This term, I’m running my first year seminar course, “Climate Change: Software Science and Society” again. The outline has changed a little since last year, but the overall goals of the course are the same: to take a small, cross-disciplinary group of first year undergrads through some of the key ideas in climate modeling.

As last year, we’re running a course blog, and the first assignment is to write a blog post for it. Please feel free to comment on the students’ posts, but remember to keep your comments constructive!

Update (Aug 15, 2013): After a discussion on Twitter with Gavin Schmidt, I realised I did the calculation wrong. The reason is interesting: I’d confused radiative forcing with the current energy imbalance at the top of the atmosphere. A rookie mistake, but it shows that climate science can be tricky to understand, and it *really* helps to be able to talk to experts when you’re learning it… [I've marked the edits in green]

I’ve been meaning to do this calculation for ages, and finally had an excuse today, as I need it for the first year course I’m teaching on climate change. The question is: how much energy are we currently adding to the earth system due to all those greenhouse gases we’ve added to the atmosphere?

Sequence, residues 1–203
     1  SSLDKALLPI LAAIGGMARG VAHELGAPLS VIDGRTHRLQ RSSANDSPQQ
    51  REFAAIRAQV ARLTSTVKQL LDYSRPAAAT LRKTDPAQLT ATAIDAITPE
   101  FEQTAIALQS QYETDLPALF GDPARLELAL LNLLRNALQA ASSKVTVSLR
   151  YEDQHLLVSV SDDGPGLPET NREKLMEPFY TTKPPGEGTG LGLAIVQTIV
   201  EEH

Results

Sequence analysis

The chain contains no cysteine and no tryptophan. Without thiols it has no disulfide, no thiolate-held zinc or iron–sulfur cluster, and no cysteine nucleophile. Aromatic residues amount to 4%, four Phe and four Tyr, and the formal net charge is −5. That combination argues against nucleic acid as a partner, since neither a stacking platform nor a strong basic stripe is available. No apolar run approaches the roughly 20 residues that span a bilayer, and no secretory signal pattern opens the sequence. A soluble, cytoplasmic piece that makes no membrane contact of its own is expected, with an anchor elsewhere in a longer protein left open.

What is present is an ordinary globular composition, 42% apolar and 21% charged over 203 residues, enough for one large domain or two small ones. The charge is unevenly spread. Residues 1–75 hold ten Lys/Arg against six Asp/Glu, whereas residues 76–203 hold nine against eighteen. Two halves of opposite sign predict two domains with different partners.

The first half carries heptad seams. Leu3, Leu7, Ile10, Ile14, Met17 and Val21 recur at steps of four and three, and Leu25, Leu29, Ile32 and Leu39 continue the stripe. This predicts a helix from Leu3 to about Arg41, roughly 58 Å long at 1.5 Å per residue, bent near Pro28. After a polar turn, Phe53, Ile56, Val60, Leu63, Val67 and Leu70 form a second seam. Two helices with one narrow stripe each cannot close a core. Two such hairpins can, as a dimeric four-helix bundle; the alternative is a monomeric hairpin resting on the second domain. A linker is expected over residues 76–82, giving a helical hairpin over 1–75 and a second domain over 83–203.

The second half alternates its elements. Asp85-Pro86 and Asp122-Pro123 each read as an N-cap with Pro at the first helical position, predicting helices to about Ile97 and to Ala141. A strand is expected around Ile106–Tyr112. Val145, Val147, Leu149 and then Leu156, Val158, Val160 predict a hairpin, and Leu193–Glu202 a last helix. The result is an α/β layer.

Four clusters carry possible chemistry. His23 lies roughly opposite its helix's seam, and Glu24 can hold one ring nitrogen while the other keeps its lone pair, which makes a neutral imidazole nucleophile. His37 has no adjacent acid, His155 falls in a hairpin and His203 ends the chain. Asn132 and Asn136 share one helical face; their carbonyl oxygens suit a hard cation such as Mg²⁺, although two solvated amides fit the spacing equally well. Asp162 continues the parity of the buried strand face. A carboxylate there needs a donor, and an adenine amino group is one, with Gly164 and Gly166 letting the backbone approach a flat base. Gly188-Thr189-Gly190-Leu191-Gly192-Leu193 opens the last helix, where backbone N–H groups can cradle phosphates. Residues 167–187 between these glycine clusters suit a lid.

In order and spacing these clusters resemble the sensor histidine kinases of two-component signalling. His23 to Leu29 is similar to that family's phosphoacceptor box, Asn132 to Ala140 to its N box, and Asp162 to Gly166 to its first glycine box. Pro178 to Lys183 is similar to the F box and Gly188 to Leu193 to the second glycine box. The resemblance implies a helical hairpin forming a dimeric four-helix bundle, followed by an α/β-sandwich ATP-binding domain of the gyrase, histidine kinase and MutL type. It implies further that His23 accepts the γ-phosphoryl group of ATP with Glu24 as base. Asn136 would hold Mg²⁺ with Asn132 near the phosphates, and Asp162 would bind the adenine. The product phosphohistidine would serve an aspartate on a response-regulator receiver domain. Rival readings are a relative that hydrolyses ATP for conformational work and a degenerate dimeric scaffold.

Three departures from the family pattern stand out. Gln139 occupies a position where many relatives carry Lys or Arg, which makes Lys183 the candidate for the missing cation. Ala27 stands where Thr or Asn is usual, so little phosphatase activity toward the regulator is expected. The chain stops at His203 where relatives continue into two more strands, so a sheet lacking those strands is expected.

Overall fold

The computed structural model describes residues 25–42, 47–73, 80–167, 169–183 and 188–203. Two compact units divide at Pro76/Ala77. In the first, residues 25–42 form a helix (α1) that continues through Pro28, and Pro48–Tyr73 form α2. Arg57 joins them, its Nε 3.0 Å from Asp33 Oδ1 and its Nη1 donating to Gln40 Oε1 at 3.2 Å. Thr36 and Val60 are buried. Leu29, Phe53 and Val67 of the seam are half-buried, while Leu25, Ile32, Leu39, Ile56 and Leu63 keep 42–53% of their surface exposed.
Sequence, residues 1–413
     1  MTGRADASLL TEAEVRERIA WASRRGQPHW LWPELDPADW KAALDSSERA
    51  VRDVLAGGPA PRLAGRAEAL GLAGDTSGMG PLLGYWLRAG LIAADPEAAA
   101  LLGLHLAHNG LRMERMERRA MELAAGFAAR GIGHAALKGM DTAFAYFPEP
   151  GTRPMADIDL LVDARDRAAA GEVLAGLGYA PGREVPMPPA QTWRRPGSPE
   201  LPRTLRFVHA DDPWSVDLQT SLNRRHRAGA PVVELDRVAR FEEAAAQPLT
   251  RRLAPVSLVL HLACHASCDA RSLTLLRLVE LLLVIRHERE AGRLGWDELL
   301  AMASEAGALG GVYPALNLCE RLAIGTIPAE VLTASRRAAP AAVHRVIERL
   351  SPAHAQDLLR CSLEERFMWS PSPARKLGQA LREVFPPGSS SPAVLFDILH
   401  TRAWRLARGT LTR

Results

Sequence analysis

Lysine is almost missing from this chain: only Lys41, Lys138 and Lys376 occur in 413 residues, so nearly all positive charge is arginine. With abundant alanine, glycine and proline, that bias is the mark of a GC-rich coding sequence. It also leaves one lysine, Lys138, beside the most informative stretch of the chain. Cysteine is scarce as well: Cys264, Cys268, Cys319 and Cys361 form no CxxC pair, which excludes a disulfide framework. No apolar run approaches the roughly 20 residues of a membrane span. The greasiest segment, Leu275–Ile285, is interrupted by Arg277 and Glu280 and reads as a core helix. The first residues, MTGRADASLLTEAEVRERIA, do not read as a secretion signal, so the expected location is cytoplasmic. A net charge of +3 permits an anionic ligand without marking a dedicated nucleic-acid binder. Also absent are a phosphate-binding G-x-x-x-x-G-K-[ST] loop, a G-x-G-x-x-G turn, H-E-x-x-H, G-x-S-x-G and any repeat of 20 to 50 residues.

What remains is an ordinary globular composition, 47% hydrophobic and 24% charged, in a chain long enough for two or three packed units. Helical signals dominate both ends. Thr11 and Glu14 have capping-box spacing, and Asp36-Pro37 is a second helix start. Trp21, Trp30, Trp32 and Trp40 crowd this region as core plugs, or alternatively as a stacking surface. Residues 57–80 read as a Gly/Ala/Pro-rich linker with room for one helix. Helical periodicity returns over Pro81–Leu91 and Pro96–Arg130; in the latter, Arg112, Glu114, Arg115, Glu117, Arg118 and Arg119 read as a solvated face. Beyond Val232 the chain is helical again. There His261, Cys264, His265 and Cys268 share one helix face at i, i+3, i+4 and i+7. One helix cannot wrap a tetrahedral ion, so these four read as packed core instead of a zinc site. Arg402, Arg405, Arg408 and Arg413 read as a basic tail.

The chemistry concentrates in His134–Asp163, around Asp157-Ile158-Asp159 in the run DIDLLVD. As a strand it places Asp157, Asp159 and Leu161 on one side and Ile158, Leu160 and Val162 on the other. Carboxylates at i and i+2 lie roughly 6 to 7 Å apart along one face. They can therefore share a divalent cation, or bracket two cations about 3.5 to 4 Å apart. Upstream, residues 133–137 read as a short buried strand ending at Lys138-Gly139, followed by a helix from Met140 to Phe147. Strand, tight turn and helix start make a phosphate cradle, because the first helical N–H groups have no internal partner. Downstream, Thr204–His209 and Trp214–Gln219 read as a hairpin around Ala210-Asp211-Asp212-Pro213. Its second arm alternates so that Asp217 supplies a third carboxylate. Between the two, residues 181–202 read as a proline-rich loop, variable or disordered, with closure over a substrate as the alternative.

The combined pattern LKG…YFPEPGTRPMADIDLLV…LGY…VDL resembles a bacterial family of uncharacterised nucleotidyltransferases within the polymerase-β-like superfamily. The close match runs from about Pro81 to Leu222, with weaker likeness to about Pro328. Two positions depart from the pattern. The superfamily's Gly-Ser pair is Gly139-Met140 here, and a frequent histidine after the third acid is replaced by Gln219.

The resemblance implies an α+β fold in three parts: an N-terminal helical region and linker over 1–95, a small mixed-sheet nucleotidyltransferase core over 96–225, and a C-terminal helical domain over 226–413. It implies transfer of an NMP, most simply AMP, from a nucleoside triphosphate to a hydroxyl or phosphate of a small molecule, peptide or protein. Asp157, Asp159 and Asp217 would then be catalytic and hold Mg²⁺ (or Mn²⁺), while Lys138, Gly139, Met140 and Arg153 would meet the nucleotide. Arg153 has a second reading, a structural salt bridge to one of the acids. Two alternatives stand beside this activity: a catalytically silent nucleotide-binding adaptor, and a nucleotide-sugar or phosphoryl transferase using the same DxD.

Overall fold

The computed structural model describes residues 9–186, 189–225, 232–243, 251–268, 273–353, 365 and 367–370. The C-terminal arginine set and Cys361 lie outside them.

In the literature, the key concept is anthropogenic forcing, by which is meant the extent to which human activities are affecting the energy balance of the earth. When the Earth’s climate is stable, it’s because the planet is in radiative balance, meaning the incoming radiation from the sun and the outgoing radiation from the earth back into space are equal. A planet that’s in radiative balance will generally stay at the same (average) temperature because it’s not gaining or losing energy. If we force it out of balance, then the global average temperature will change.

Physicists express radiative forcing in watts per square meter (W/m2), meaning the number of extra watts of power that the earth is receiving, for each square meter of the earth’s surface. Figure 2.4 from the last IPCC report summarizes the various radiative forcings from different sources. The numbers show best estimates of the overall change from 1750 to 2005 (note the whiskers, which express uncertainty – some of these values are known much better than others):

Figure 2.4

If you add up the radiative forcing from greenhouse gases, you get a little over 2.5 W/m2. Of course, you also have to subtract the negative forcings from clouds and aerosols (tiny particles of pollution, such as sulpur dioxide), as these have a cooling effect because they block some of the incoming radiation from the sun. So we can look at the forcing that’s just due to greenhouse gases (about 2.5 W/m2), or we can look at the total net anthropogenic forcing that takes into account all the different effects (which is about 1.6 W/m2).

Over the period covered by the chart, 1750-2005, the earth warmed somewhat in response to this radiative forcing. The total incoming energy has increased by about +1.6W/m2, but the total outgoing energy lost to space has also risen – a warmer planet loses energy faster. The current imbalance between incoming and outgoing energy at the top of the atmosphere is therefore smaller than the total change in forcing over time. Hansen et. al. give an estimate of the energy imbalance of 0.58 ± 0.15 W/m2 for the period from 2005-2010.